- Preparing a study for Congress of the impact of passenger and freight transportation on climate change and solutions
- Developing a web clearinghouse of passenger and freight solutions across all modes to reduce greenhouse gas emissions and environmental impact
- Conducting a pilot project to record best practices for metropolitan planning organizations (MPOs) to incorporate climate change into transportation planning.
The Center sponsored CCSP Synthesis and Assessment Product 4.7, Impacts of Climate Variability and Change on Transportation Systems and Infrastructure–Gulf Coast Study. This project—initiated under the President’s Climate Change Research Initiative—was a joint research effort with USGS. A Federal Advisory Committee was formed in 2006, and Phase I was completed in 2007. Phase I provided an integrated overview of infrastructure sensitivities in the region. The final document was released in March 2008.
The Office of the Secretary is funding several projects, including a Best Practices Guidebook for Greenhouse Gas Reductions in Freight Transportation designed for use by companies and individual freight operators.
Many of DOT’s programs have ancillary climate benefits:
- The Federal Highway Administration has numerous programs to prepare the highway system for weather irregularities and to reduce air pollutants:
– Road Weather Management Program. This program seeks to better understand the impacts of weather on roadways. The Clarus initiative will develop and demonstrate a national integrated surface transportation road weather observing, forecasting, and data management system.
– Congestion Mitigation and Air Quality (CMAQ) Improvement Program. The CMAQ program provides over $8.6 billion in funds over a period of 5 years (2005-2009) to State transportation agencies to invest in projects that reduce emissions from transportation-related sources.
– Idle-Reduction Activities. DOT, EPA, and DOE have provided funding for the implementation of idle-reduction projects around the country (both on-board and off-board technologies) for transportation, air quality, and energy stakeholders. The projects have resulted in reductions in criteria air pollutants, such as nitrous oxides, as well as reductions in carbon dioxide emissions. This initiative has expanded to include idling emissions from marine, rail, and off-road heavy-duty engines.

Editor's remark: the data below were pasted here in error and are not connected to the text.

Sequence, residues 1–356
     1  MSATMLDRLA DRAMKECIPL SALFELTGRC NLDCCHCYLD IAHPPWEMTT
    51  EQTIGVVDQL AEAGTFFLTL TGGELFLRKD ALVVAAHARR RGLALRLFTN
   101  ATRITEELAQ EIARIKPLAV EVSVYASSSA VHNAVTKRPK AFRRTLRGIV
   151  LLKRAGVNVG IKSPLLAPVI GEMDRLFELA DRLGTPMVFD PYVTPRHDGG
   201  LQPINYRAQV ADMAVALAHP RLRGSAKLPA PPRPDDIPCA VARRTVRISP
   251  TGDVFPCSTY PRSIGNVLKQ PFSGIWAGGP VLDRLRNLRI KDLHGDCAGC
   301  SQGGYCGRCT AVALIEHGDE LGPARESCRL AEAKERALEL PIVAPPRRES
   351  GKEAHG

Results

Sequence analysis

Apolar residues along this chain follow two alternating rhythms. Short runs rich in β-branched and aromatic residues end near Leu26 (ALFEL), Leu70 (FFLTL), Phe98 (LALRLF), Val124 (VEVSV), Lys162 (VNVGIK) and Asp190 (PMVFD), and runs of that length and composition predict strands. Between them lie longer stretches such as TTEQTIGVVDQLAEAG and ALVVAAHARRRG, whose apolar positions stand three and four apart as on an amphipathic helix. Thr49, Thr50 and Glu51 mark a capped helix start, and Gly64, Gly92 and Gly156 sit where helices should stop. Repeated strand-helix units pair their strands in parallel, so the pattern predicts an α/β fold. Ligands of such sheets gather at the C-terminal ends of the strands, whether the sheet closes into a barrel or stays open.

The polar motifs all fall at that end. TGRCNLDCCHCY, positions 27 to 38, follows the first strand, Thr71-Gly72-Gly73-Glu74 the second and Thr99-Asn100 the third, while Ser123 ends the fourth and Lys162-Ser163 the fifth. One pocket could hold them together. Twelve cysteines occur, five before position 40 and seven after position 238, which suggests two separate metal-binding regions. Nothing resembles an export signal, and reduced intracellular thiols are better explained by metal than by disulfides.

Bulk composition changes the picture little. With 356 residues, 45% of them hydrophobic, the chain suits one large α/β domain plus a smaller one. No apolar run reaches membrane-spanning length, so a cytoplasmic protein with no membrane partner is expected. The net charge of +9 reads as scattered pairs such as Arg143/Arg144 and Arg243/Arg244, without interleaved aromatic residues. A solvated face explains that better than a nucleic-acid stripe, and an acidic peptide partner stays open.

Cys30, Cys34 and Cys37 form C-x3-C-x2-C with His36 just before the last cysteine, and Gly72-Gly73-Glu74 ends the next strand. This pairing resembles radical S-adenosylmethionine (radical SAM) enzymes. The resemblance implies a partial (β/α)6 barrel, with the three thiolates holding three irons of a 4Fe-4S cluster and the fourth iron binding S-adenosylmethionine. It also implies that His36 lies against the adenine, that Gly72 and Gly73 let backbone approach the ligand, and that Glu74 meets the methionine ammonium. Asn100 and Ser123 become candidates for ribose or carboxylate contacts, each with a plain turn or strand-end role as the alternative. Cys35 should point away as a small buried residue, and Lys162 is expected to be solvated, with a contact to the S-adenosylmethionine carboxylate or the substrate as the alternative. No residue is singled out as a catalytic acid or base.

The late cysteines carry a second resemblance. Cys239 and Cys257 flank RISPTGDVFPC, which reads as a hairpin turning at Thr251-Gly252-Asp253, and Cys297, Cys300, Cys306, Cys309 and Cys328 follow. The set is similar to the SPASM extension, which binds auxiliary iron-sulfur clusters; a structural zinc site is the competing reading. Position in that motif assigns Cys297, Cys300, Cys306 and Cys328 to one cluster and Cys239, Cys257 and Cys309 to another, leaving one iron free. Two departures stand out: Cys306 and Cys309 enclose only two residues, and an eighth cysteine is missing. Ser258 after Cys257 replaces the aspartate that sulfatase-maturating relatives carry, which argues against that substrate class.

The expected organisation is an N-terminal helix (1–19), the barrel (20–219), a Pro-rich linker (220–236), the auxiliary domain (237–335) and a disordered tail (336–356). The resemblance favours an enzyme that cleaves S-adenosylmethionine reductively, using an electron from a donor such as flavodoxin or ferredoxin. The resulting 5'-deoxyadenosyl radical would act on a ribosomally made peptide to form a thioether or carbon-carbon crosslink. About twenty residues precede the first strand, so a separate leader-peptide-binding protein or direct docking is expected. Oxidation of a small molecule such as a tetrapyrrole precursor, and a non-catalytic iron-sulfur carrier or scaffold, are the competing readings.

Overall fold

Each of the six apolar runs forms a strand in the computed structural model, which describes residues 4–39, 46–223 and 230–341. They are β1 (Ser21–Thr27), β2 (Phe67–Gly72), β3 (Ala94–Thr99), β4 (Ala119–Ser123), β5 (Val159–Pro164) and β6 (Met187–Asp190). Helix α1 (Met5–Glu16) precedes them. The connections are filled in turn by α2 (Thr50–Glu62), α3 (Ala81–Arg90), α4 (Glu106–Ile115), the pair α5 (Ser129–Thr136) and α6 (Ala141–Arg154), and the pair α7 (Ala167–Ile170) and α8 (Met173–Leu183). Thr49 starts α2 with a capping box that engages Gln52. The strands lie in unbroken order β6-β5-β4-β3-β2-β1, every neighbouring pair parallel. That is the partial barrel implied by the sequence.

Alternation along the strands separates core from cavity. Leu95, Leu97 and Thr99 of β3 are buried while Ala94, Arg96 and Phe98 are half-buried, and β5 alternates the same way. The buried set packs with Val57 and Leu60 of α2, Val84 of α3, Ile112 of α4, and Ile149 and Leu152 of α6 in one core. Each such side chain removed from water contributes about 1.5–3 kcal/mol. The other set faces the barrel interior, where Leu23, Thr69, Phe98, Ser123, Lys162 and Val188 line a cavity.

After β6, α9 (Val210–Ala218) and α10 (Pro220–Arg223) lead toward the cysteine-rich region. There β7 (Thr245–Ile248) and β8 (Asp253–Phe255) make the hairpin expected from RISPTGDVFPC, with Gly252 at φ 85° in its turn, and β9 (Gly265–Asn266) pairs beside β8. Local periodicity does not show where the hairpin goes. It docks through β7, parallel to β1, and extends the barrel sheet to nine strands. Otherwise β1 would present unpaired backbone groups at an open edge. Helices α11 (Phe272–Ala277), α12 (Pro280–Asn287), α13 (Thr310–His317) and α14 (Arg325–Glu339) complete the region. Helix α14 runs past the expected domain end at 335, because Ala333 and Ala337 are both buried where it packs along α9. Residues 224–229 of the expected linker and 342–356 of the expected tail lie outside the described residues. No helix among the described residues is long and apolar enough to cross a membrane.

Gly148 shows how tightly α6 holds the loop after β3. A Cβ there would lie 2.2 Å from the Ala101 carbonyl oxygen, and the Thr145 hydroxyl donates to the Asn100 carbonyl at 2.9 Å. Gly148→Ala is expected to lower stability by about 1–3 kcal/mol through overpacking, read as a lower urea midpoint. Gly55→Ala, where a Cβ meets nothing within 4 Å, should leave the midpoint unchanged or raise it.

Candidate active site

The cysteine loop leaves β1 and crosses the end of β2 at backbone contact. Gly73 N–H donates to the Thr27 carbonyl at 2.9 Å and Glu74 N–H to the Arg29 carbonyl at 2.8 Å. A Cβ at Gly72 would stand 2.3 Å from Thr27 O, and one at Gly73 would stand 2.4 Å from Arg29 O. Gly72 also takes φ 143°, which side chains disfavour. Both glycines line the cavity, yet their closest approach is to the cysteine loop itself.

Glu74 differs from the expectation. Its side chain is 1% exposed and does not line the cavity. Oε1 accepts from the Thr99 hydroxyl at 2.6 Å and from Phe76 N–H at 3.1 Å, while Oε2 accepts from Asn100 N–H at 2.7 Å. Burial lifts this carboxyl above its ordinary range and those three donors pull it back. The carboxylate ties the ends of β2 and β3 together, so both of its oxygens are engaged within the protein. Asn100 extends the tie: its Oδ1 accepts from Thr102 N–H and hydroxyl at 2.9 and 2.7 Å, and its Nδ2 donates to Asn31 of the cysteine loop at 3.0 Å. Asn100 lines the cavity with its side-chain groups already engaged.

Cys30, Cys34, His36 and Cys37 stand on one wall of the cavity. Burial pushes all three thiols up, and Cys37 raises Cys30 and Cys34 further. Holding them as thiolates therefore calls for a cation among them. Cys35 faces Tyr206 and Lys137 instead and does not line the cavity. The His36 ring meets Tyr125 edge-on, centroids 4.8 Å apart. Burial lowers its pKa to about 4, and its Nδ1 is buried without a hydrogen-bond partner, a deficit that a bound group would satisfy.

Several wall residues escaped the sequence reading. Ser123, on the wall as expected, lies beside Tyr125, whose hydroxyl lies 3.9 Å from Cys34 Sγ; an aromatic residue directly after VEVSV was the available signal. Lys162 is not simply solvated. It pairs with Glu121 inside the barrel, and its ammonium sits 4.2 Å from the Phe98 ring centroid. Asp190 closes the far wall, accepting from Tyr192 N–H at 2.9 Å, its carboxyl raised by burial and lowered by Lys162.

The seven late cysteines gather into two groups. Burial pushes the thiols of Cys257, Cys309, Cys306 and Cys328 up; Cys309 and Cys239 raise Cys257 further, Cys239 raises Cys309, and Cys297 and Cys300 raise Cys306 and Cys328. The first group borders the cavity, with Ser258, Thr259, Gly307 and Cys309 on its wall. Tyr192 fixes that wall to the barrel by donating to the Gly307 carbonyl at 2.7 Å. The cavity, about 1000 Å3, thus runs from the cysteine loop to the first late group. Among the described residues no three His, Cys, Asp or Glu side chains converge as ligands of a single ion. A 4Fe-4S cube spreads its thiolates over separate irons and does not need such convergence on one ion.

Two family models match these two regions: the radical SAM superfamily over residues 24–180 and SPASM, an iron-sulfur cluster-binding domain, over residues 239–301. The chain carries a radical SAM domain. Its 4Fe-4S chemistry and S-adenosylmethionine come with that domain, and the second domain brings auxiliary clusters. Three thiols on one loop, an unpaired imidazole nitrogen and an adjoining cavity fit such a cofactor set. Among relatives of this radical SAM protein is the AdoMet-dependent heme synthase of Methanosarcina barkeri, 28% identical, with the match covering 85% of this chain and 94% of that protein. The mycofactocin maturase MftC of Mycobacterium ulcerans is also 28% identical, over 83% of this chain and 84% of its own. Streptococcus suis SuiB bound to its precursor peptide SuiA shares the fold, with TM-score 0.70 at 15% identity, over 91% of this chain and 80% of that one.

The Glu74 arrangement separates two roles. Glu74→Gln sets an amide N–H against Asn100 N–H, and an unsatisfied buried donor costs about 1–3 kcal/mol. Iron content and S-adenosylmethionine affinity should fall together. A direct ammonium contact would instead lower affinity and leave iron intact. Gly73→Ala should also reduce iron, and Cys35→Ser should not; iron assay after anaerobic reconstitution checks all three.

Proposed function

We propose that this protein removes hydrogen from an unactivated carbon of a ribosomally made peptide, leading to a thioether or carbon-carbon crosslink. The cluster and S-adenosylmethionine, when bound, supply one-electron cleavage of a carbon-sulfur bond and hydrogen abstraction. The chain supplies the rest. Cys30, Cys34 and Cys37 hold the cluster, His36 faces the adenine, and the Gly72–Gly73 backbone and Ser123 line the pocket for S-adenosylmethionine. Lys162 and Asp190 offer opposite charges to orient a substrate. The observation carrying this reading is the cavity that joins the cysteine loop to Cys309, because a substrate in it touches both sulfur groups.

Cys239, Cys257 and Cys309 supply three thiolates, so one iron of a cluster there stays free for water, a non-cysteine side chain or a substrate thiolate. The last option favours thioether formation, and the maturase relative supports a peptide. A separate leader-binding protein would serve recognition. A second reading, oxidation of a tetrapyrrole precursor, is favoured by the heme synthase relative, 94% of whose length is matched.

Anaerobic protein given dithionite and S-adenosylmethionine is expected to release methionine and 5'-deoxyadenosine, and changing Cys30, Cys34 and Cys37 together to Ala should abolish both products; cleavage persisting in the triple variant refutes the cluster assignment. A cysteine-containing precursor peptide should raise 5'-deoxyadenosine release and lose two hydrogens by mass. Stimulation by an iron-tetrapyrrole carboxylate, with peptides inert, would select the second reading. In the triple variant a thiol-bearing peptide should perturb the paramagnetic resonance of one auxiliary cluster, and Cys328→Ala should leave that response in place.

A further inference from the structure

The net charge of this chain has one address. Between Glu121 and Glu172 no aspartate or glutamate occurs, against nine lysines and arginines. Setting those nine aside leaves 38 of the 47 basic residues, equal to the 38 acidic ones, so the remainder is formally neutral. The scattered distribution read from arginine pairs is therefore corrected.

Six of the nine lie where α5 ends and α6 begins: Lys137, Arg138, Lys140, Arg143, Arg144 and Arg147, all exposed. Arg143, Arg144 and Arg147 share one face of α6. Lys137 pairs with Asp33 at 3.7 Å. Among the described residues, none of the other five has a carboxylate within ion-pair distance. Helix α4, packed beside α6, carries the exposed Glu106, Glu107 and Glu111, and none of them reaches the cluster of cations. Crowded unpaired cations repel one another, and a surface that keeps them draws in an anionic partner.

- The National Highway Traffic Safety Administration sets new Corporate Average Fuel Economy standards for light trucks, increasing energy efficiency and thus decreasing greenhouse gas emissions. In FY 2008, NHTSA is developing café regulations for future model years, including implementing provisions of the Energy Independence and Security Act.
- FAA continues to develop a comprehensive suite of software tools to allow for the thorough assessment of the environmental effects and impacts of aviation (<http://www.faa.gov/about/office_org/ headquarters_offices/aep/models>). One element of the tools suite is the Aviation Environmental Design Tool (AEDT), which incorporates the legacy System for assessing Aviation’s Global Emissions (SAGE) tool. AEDT/SAGE takes as input detailed fleet descriptions and flight schedules, and produces estimates of noise and emissions inventories and fuel consumption at global, regional, and local levels. The tool can also estimate future output based upon forecasts, including potential technology advances or operational improvements, as well as the influence of potential market-based measures to reduce fuel consumption and greenhouse gas emissions. Data from AEDT/SAGE is used to calculate the FAA’s Flight Plan aviation fuel efficiency goal.
- The Federal Transit Administration (FTA) Fuel Cell Program has researched and demonstrated fuel cell bus technology since the mid-1990s. FTA also conducts alternative fuels research.
- DOT’s Research and Innovative Technology Administration conducts and administers a range of alternative fuel grants. The research focuses on developing and demonstrating alternative fuel and advanced propulsion technology systems with an emphasis on efficiency, safety, and sustainability. Research aims to inform stakeholders and facilitate technology.
- Other programs for congestion mitigation, hydrogen-powered transportation, and transit developments all will potentially reduce greenhouse gases.